The gRPC interceptor allows us to intercept gRPC remote procedure calls (RPC) and add code to handle the cross-cutting concerns. A gRPC interceptor can be of type client and server. gRPC supports interceptors for both unary and streaming RPC
gRPC, one of the most popular RPC frameworks for inter-process microservices communication, supports both unary and streaming RPC. Contrary to unary RPC, in gRPC streaming RPC, a client sends a single request, and in return, the server sends a stream of messages. In this article, we will see how to implement server streaming RPC and how to handle errors in streaming response.
gRPC, a remote procedure call (RPC) framework, is used for inter microservices communication. The gRPC supports both unary RPC and streaming RPC. In gRPC unary RPC, a client sends a single request and receives a single response. Additionally, an RPC in gRPC can be synchronous or asynchronous. In synchronous RPC, a client call waits for the server to respond. As the name suggests, in asynchronous RPC the server returns the response asynchronously.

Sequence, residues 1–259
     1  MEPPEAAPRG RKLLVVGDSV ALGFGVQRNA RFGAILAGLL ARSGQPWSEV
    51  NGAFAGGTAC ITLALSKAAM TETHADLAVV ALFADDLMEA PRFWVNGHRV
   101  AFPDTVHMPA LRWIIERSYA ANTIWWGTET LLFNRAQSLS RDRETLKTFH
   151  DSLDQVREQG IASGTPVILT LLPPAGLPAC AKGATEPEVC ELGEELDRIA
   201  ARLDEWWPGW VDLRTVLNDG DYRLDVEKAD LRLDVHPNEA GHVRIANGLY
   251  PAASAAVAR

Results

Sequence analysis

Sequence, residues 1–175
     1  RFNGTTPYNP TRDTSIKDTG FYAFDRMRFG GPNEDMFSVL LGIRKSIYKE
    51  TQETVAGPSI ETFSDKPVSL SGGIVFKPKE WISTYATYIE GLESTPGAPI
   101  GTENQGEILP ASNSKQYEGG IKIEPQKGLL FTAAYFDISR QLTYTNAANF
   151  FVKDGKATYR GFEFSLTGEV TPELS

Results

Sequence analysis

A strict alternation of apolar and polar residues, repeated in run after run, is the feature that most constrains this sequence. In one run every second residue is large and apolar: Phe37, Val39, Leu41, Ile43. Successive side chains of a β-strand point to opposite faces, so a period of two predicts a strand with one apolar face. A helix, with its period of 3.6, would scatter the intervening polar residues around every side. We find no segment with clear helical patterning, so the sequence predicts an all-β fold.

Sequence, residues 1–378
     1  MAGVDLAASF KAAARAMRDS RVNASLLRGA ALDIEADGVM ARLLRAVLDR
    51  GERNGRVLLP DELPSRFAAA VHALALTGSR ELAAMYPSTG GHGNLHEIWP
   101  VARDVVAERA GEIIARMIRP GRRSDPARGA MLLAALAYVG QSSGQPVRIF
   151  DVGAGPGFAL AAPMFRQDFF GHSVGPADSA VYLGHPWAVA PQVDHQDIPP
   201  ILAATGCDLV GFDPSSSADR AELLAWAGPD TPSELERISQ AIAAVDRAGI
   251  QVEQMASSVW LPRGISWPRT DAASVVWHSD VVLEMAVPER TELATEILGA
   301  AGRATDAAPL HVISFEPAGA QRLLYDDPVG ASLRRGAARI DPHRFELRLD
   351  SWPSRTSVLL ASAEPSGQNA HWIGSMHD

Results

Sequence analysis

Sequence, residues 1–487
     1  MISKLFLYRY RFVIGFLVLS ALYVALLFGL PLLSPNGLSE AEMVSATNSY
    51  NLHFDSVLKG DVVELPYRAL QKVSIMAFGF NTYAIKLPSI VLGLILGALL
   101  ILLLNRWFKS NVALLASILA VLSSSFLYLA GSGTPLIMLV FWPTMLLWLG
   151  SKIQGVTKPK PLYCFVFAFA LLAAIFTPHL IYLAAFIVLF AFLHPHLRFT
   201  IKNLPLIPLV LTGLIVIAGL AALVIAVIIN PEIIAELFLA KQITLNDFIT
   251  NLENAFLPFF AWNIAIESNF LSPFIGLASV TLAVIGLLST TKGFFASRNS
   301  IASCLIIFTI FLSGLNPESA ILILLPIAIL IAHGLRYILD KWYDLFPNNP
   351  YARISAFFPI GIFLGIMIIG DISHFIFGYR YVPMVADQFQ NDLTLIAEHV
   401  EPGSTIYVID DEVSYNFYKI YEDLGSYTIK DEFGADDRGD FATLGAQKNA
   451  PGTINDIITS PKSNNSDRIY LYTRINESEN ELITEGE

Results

A microservices-based software system requires applications to talk to each other using an inter-process communication mechanism. gRPC is a modern inter-process communication system that is scalable and more efficient than the traditional RESTful services.
gRPC works on HTTP/2. The TCP connection on the HTP/2 is long-lived and a single connection can multiplex many requests. That means that connection-level load balancing is not very useful. The default load balancing in Kubernetes is based on connection level load balancing. This article is about how to implement load balancing using Kubernetes headless service.
Handling errors can be hard and it’s even harder if your application consists of many microservices exposing a mixture of REST and RPC APIs. The consumer of your API needs a consistent experience of error handling. In this article, we will see how to develop error handling, which works across RESTFul APIs and gRPC API.